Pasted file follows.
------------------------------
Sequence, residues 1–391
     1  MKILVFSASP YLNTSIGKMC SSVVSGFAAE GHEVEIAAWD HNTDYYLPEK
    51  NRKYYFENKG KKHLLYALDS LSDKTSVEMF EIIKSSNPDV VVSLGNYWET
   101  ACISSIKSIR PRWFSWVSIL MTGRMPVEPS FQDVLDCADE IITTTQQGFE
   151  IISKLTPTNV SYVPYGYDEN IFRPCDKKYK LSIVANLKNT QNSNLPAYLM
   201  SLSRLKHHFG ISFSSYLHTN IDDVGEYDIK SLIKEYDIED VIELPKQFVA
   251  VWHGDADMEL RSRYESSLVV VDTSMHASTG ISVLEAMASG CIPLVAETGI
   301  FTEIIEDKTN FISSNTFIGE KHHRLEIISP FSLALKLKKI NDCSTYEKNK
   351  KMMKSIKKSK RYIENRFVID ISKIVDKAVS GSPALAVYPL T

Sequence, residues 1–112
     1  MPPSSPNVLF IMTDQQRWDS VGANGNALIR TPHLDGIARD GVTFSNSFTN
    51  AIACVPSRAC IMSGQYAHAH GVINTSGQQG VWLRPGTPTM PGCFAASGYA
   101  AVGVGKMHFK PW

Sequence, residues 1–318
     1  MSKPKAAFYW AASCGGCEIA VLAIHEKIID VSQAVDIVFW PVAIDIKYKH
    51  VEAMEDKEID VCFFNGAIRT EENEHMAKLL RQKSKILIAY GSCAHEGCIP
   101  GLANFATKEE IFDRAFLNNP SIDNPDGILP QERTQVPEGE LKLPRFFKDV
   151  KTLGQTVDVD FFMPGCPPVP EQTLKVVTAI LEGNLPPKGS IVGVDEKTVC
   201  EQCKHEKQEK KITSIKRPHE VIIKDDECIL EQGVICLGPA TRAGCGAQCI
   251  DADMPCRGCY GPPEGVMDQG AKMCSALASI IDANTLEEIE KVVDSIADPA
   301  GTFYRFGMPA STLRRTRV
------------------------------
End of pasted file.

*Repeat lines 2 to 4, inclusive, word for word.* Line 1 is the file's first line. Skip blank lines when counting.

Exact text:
     1  MKILVFSASP YLNTSIGKMC SSVVSGFAAE GHEVEIAAWD HNTDYYLPEK
    51  NRKYYFENKG KKHLLYALDS LSDKTSVEMF EIIKSSNPDV VVSLGNYWET
   101  ACISSIKSIR PRWFSWVSIL MTGRMPVEPS FQDVLDCADE IITTTQQGFE